256 AD VENTURES OF WILLIAM SHORT NOSE
God, you alone can save me. My Lady Gibourc, shall I ever again behold you ? My good horse,' added he,' you are very tired. If you had had only five hours' rest, I would have led you to the charge; but I see plainly that I can get no help from you, and I cannot blame you for it, as you have served me well all day, and for this I thank you greatly. If ever we reach Orange you shall wear no saddle for twenty days, your food shall be the finest corn, and you shall drink out of a golden trough. But how should I bear it if the Pagans captured you and carried you to Spain ?'
And the horse understood as well as a man, and he threw up his head, and pawed the ground, and his strength came back to him as of old. At this sight William Short Nose felt more glad than if he had been given fourteen cities.
But no sooner had he entered a valley that led along the road to Orange than he saw a fresh body of Pagans blocking one end. He turned to escape into another path, but in front of him rode a handful of his enemies. ' By the faith that I swore to my dear Lady Gibourc,' he said, ' I had better die than never strike a blow,' and so went straight at Telamon, their leader, on his horse Marchepierre. 'William!' cried the Saracen, 'this time you will not escape me.' But the sun was in his eyes, and his sword missed his aim. Before he could strike another blow William had borne him from his horse and galloped away on Bausant.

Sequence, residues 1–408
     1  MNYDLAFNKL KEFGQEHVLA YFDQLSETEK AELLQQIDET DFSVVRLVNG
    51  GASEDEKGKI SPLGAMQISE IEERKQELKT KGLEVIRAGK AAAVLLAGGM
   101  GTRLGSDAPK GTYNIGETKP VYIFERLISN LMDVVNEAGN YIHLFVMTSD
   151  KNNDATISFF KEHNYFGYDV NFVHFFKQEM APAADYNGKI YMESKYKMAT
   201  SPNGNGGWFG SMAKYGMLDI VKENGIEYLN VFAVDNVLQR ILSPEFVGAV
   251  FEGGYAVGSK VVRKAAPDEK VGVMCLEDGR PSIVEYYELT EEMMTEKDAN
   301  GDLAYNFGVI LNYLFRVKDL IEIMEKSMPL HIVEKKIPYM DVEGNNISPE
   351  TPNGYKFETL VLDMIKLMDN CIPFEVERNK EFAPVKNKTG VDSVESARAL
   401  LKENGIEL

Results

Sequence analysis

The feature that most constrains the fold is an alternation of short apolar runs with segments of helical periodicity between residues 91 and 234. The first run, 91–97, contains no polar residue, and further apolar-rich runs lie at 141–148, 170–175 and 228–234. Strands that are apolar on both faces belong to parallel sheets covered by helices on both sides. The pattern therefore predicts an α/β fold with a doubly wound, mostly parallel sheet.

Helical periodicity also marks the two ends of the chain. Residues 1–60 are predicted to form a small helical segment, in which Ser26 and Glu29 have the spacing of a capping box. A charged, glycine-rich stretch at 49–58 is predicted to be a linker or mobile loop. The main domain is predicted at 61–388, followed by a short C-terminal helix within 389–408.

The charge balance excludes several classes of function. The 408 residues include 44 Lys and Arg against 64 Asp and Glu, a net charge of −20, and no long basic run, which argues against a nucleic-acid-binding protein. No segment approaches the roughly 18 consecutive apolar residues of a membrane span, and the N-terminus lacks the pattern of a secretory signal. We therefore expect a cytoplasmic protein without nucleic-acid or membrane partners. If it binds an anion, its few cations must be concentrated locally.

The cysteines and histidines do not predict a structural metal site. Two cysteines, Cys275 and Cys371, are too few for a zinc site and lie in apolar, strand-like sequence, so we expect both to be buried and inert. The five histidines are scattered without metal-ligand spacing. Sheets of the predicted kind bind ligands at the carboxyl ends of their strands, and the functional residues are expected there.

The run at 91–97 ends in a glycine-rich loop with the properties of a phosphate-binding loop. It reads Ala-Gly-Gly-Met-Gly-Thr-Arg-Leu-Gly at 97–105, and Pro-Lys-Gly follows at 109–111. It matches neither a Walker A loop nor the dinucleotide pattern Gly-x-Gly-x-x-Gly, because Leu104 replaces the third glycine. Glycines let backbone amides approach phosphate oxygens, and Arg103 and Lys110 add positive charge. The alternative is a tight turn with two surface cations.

The mountain that he was climbing now was beset with Infidels, like all the rest, and William looked in vain for a way of escape. He jumped from his horse and rubbed his flanks, saying to him the while, ' Bausant, what will you do ? Your sides are all bloody, and you can scarcely stand; but remember, if once you fall it means my death.' At these words Bausant neighed, pricked up his ears and shook himself, and as he did so the blood seemed to flow strongly in his veins, as of old.